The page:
http://assets-s3.rollingstone.com/assets/images/album_review/7de3c94e08ead94fd1bdd27180f591d4179b4363.jpg Zappa/Wazoo

Frank Zappa


Rolling Stone: star rating
Community: star rating
5 4 0
December 13, 2007

The big brass band that Frank Zappa briefly took on the road in 1972, just before the release of his instrumental LP The Grand Wazoo, was an army of twenty out for serious business. "Nobody sings," Zappa wrote at the time. "Nobody dances. They just play music." They didn't do it often enough. This two-CD set, the whole of a previously unissued concert in Boston, combines the complex, blaring tension of Zappa's written scores and round robins of directed improvisation, with Zappa soloing on guitar with unusual, groovin' restraint in "The Grand Wazoo (Think It Over)." "Big Swifty," from 1972's Waka/Jawaka, opens with dervish woodwinds and elephant-stampede trombones, then hits and stays in high flash-your-chops gear. There is also a half-hour of the oratorio "The Adventures of Greggery Peccary" minus vocals, a plus that emphasizes the will and imagination of Zappa's composing and the fearlessness of the hot cats under his baton.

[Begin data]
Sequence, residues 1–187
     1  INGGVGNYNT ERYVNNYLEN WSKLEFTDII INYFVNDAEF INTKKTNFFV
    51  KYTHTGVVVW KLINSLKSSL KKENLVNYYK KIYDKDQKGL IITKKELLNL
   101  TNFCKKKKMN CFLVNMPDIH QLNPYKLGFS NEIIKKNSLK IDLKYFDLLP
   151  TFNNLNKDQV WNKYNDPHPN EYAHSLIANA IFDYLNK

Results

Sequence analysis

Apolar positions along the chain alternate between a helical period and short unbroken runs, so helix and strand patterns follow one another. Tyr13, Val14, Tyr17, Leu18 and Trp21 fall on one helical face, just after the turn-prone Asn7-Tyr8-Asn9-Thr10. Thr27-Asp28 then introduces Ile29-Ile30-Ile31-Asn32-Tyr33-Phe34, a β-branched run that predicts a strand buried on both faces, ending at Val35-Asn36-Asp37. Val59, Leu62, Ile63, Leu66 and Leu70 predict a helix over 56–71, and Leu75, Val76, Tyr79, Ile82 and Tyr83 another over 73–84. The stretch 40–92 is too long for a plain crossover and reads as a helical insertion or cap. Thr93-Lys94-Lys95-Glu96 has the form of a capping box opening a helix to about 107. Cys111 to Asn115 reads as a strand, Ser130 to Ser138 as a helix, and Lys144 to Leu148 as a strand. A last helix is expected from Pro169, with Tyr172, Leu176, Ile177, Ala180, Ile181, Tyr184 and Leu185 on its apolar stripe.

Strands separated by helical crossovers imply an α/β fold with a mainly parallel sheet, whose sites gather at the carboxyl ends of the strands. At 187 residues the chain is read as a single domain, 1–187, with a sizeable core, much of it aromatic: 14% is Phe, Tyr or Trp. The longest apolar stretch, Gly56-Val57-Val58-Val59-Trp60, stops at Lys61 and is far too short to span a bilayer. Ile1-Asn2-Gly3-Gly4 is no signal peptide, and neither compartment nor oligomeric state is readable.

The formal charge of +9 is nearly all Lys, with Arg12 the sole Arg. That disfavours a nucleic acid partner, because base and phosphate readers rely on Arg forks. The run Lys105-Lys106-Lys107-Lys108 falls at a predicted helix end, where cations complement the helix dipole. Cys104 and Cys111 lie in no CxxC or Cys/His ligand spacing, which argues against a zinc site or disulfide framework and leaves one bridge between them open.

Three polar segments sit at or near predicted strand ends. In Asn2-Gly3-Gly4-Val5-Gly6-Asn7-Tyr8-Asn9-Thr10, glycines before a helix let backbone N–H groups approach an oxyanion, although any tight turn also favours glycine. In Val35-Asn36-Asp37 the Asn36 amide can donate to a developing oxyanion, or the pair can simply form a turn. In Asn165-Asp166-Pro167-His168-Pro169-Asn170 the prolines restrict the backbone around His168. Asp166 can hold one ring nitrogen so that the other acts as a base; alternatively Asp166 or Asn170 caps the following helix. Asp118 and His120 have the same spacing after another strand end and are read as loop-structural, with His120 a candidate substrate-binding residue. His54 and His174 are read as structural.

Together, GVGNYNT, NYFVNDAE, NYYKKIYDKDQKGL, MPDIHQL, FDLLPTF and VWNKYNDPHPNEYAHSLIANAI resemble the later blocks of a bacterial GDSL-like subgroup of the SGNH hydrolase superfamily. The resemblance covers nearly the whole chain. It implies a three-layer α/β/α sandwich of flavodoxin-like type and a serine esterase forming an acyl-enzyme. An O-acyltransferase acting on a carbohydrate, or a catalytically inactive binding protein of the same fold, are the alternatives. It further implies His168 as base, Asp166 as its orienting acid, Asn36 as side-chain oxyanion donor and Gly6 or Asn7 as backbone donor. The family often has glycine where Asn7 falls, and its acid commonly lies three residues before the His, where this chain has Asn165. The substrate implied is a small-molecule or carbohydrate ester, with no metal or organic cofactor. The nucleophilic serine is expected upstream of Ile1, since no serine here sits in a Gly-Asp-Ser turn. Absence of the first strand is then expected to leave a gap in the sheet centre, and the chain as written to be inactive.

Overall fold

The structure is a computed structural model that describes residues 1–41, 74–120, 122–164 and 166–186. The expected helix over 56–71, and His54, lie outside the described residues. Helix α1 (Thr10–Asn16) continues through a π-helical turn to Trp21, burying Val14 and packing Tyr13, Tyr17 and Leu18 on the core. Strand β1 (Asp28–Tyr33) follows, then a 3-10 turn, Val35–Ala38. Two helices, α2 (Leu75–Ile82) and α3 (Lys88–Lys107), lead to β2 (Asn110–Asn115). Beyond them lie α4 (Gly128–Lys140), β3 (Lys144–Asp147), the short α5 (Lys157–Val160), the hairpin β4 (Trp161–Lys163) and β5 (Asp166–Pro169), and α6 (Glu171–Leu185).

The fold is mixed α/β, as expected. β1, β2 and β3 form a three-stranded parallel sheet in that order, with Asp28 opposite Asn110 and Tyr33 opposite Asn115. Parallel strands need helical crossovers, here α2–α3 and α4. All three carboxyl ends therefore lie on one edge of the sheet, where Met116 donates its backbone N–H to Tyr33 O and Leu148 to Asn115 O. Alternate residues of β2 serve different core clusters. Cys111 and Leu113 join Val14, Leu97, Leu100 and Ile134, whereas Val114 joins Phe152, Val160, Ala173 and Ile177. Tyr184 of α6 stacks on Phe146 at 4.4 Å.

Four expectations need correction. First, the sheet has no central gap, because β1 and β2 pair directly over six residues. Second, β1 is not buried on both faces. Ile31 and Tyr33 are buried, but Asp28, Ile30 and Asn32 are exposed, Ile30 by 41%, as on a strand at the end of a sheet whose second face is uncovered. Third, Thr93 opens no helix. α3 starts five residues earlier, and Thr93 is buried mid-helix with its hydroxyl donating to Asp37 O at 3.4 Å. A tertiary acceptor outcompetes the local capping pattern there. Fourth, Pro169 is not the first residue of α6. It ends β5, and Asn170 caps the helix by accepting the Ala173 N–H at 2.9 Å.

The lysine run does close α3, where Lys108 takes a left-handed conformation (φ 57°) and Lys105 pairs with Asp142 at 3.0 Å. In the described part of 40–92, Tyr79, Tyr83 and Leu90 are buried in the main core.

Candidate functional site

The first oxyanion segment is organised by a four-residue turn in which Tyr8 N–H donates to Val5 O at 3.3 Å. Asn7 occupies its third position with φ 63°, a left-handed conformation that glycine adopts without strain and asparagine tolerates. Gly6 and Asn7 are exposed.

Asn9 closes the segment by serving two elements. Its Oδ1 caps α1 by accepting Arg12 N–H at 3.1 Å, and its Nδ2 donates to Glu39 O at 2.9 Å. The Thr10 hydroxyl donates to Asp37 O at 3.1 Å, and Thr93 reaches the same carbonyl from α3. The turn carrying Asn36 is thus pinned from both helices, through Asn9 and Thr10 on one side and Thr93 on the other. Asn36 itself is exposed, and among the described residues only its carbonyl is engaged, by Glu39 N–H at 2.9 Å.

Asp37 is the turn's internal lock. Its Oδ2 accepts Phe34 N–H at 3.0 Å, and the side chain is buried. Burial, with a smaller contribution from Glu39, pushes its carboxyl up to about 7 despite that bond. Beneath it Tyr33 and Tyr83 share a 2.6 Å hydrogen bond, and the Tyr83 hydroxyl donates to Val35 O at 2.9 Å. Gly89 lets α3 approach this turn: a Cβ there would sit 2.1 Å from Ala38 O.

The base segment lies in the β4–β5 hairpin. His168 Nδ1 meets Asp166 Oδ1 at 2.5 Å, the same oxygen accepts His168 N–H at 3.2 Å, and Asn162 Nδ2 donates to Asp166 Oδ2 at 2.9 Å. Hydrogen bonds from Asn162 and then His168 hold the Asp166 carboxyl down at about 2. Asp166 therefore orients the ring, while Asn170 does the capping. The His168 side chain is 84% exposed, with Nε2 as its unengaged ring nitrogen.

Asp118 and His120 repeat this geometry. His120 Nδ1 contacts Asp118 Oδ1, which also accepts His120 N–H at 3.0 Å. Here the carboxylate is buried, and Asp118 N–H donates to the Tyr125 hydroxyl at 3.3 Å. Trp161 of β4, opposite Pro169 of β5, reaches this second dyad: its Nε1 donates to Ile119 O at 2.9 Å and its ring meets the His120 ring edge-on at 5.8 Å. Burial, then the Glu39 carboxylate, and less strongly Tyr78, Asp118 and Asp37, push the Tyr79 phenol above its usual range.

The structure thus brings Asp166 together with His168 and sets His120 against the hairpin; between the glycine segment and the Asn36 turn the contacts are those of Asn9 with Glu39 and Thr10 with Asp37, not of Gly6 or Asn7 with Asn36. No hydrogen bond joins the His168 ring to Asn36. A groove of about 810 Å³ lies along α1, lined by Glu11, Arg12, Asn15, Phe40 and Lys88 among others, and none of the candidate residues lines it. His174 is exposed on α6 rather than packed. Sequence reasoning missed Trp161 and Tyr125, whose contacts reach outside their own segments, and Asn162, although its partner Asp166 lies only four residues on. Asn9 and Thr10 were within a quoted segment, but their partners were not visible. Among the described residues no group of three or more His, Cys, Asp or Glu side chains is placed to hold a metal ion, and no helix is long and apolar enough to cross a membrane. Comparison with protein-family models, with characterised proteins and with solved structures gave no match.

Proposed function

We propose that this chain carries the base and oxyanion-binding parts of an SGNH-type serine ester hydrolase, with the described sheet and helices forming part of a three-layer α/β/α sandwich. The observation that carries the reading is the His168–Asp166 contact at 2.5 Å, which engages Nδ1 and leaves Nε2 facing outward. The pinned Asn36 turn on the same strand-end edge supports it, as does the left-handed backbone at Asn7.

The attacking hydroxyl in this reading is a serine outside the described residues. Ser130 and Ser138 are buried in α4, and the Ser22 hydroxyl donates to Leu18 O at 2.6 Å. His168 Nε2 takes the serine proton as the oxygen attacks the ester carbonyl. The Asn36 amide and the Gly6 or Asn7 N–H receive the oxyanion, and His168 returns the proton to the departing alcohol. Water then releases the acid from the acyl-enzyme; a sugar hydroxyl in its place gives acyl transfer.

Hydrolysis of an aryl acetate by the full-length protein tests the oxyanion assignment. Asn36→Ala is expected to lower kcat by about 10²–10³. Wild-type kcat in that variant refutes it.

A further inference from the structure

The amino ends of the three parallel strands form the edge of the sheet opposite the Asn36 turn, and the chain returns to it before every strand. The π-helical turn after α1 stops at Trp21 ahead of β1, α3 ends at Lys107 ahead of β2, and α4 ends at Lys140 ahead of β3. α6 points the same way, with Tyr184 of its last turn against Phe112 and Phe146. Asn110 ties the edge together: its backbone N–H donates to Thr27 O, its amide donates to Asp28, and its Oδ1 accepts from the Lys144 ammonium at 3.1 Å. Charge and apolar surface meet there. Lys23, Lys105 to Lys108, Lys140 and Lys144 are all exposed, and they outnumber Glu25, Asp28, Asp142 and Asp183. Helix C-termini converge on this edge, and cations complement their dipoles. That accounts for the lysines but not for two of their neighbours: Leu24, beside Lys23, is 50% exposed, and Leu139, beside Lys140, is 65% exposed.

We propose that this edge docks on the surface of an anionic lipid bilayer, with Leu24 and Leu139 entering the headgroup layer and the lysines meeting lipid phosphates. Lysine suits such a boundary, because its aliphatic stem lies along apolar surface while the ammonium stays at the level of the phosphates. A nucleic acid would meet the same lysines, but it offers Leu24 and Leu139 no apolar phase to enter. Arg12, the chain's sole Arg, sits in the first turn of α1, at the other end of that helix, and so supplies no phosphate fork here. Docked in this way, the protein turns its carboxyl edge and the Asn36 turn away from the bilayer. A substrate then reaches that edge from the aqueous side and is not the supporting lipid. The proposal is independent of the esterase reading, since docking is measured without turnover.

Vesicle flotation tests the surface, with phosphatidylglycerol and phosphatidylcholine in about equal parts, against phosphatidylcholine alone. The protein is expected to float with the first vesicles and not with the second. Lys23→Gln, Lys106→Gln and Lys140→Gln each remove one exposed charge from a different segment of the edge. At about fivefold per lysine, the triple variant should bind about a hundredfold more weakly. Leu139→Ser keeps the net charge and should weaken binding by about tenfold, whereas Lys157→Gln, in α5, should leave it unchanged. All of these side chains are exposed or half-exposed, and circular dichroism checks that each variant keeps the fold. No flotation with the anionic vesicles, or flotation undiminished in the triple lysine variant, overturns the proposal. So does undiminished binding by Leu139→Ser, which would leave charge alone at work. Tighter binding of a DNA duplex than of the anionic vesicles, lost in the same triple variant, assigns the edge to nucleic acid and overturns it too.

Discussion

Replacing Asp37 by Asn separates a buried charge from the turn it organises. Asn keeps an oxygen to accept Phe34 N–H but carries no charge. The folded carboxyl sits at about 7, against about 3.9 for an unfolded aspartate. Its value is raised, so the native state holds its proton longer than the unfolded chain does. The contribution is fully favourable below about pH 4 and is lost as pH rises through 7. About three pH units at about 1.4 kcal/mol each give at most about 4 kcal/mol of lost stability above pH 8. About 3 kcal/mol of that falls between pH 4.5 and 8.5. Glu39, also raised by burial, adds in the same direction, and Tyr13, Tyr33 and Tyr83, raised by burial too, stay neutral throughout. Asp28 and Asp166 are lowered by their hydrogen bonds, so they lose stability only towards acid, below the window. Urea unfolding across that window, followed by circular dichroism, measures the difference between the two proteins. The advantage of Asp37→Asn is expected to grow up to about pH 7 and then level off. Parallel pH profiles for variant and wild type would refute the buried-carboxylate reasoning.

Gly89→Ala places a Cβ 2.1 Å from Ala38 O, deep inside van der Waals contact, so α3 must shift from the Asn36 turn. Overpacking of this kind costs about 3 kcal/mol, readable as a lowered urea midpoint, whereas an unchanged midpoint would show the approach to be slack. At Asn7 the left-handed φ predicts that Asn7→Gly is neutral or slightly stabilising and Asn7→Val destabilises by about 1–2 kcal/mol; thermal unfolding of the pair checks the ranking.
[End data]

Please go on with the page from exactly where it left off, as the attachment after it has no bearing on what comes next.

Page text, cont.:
Album Review Main Next


Community Guidelines »
loading comments

loading comments...


Sort by:
    Read More
    Daily Newsletter

    Get the latest RS news in your inbox.

    Sign up to receive the Rolling Stone newsletter and special offers from RS and its
    marketing partners.


    We may use your e-mail address to send you the newsletter and offers that may interest you, on behalf of Rolling Stone and its partners. For more information please read our Privacy Policy.

    Song Stories

    “Road to Nowhere”

    Talking Heads | 1985

    A cappella harmonies give way to an a fuller arrangement blending pop and electro-disco on "Road to Nowhere," but the theme remains constant: We're on an eternal journey to an undefined destination. The song vaulted back into the news a quarter century after it was a hit when Gov. Charlie Crist used it in his unsuccessful 2010 campaign for the U.S. Senate in Florida. "It's this little ditty about how there's no order and no plan and no scheme to life and death and it doesn't mean anything, but it's all right," Byrne said with a chuckle.

    More Song Stories entries »